KUALA LUMPUR, June 7 — In its report to the United Nations (UN) launched today, a coalition of local NGOs highlighted the continued rampancy of gender inequality and discriminations over religion, race, sexual orientation and gender identity, rights of the Orang Asli, and disabilities here.The report by Comango, which tracks progress in the field of human rights in Malaysia since the last UN’s Universal Periodic Review (UPR), specifically highlighted the country’s dismal performance at the Convention on the Elimination of All Forms of Discrimination against Women (Cedaw) review earlier this year.
“The Cedaw Committee’s questions on matters that violate Muslim women’s rights were attacked by government-linked, Malaysian Alliance of Civil Society Organisations in the UPR Process (Macsa) and the Centre for Human Rights Research and Advocacy (Centhra), both of which adhere to the Islamic human rights framework of the Cairo Declaration and therefore, reject gender equality.
“They and government officials claimed that female genital mutilation or cutting, whipping, polygamy, and women’s and girls’ unequal inheritance are non-issues in Malaysia,” said the report launched today.
Comango noted that the UN convention still has not been incorporated into local laws, and there was also no definite timeline to enact a gender equality law.
According to Comango, there is poor participation of women, transgender, or Orang Asli in politics and judiciary, while only 53.6 per cent of women participate in the labour force compared to 80.7 per cent for men.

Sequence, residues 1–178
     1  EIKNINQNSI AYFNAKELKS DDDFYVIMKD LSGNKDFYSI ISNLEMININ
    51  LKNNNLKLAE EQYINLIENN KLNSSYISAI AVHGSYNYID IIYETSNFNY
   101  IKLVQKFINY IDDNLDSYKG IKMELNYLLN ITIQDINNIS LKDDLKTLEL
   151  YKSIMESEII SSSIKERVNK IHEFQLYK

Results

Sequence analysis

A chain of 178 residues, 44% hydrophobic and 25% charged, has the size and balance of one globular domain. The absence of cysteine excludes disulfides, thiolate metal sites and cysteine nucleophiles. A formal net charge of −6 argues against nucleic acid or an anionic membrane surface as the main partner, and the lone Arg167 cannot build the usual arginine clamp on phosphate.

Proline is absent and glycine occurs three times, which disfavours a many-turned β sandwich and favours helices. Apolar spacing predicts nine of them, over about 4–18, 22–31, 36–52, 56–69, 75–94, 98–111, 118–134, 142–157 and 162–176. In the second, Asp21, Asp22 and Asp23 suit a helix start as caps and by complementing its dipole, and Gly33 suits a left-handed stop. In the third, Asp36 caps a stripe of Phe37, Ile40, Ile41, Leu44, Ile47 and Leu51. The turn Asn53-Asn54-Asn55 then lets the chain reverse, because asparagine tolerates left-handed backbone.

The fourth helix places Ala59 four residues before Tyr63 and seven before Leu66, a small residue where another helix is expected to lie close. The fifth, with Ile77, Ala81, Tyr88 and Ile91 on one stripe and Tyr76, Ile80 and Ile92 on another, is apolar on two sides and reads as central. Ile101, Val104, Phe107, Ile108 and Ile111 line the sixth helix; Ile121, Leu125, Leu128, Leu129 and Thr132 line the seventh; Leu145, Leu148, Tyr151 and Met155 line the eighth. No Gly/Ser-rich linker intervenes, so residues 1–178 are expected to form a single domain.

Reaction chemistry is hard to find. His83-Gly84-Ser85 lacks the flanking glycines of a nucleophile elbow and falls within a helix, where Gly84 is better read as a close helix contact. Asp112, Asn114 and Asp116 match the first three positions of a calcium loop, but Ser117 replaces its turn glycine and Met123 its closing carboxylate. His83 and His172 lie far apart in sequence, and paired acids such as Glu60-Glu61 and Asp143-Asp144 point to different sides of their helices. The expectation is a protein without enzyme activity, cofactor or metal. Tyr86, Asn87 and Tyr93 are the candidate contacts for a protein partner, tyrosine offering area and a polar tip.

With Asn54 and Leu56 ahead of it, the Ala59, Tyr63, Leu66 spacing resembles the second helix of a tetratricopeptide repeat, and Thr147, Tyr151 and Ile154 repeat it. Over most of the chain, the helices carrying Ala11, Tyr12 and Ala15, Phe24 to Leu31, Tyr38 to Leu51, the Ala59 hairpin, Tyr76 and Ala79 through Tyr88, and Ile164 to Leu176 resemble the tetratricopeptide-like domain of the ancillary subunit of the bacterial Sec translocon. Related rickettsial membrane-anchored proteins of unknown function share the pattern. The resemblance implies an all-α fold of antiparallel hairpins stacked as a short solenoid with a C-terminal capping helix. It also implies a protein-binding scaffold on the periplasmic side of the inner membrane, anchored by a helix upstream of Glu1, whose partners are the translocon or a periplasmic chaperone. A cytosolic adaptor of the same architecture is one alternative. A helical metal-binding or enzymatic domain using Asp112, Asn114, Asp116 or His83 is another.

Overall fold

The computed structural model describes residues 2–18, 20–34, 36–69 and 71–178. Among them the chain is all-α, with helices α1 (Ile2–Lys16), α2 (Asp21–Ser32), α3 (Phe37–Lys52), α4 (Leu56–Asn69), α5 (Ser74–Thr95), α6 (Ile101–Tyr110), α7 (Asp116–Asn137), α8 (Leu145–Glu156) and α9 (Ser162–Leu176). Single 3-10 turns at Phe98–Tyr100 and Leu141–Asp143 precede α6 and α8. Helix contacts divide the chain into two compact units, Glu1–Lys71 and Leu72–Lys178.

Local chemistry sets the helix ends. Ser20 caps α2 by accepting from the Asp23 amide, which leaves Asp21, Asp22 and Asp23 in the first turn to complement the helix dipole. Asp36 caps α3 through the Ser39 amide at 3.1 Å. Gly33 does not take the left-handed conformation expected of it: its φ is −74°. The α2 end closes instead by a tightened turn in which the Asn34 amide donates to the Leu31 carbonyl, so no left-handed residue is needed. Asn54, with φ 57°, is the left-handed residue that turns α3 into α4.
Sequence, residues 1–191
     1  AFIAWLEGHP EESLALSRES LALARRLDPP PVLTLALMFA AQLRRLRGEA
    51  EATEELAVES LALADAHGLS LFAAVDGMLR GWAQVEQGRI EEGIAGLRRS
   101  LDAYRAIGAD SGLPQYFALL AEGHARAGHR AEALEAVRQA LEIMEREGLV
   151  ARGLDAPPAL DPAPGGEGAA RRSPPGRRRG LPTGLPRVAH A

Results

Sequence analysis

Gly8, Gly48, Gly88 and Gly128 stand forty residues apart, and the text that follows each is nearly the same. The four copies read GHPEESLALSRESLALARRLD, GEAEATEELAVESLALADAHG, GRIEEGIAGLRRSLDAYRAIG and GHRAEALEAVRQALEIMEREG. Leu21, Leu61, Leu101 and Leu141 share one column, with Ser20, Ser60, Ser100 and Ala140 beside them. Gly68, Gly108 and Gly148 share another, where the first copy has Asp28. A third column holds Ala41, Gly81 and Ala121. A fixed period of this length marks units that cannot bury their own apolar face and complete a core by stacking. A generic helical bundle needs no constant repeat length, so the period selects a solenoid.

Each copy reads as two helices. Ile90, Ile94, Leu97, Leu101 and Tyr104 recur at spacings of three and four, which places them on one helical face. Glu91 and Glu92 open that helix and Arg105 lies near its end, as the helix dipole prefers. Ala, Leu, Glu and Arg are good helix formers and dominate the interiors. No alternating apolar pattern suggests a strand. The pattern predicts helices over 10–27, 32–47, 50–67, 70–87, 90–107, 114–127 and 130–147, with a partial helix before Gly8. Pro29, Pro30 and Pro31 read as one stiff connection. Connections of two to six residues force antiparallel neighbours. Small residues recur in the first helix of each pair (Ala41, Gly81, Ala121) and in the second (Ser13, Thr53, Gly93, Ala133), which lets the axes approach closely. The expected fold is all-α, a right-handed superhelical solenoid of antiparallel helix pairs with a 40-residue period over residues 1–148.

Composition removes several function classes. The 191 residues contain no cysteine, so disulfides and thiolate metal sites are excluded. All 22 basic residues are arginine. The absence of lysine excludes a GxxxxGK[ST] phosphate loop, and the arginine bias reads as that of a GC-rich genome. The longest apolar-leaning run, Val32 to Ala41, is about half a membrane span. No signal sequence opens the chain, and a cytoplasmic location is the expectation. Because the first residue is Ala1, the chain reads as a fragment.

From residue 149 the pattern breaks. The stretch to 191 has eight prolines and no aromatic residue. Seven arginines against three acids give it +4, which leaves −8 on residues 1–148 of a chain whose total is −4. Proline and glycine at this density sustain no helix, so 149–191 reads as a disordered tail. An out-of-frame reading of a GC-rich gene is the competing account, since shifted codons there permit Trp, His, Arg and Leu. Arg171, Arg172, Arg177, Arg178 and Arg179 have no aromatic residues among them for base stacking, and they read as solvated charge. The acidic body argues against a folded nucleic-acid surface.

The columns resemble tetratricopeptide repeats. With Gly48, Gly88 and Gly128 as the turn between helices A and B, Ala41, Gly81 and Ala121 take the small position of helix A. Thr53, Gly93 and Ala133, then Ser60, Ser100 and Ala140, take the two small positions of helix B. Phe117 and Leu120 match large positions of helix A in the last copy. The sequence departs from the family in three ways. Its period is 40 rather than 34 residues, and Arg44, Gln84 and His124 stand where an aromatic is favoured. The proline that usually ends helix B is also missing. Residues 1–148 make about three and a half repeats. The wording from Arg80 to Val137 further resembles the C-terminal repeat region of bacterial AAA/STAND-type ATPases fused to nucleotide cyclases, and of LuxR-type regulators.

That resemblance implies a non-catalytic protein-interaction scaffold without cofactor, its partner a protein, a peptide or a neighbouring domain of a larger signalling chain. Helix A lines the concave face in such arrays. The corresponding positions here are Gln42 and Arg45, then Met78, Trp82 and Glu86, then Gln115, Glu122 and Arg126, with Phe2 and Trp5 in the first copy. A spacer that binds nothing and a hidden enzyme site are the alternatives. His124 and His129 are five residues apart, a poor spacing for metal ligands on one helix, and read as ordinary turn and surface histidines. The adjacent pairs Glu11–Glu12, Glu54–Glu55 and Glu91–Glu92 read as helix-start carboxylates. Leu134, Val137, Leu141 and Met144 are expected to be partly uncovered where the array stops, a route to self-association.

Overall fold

Other concerns included the lack of legal provision recognising domestic violence among unmarried couples, marital rape, rape aside from penile-vaginal penetration as well as extremely limited protections against sexual harassment.
Comango also noted cases of unilateral conversion of minors and “forced” conversion into Islam as well as racial polarisation including racism among government officials and ministers.
The coalition was also concerned with the non-recognition of Orang Asli customary land rights, which it said has led to many problems including encroachments and the loss of livelihood.
“Despite accepting in full recommendations to alleviate poverty and ensure the economic and social welfare of Indigenous Peoples, Orang Asli communities have not seen any significant changes in terms of access to infrastructure, education, provision of basic amenities and the non-transparency of income-generating programmes,” it said.
Among its recommendations to address the issues were the enactment of a comprehensive anti-discrimination law, the punishment of hate speech, the discontinuation of all racial politics, and the transparent introduction of a national harmony law.
The Comango report was prepared following a series of consultation with Putrajaya between 2014 and 2017, following the last UPR on Malaysia in 2013 ― when the country accepted 150 recommendations from its peers.
Held every four and a half years, the UPR is a UN Human Rights Council (UNHRC) mechanism that was established in 2007 to improve the treatment of human rights in all 193 UN member states.
The process involves a three-hour interactive dialogue, where UNHRC members will question Malaysia based on reports prepared by the government, UN agencies, and the stakeholders’ report ― which summarises the report of NGOs both national and international.
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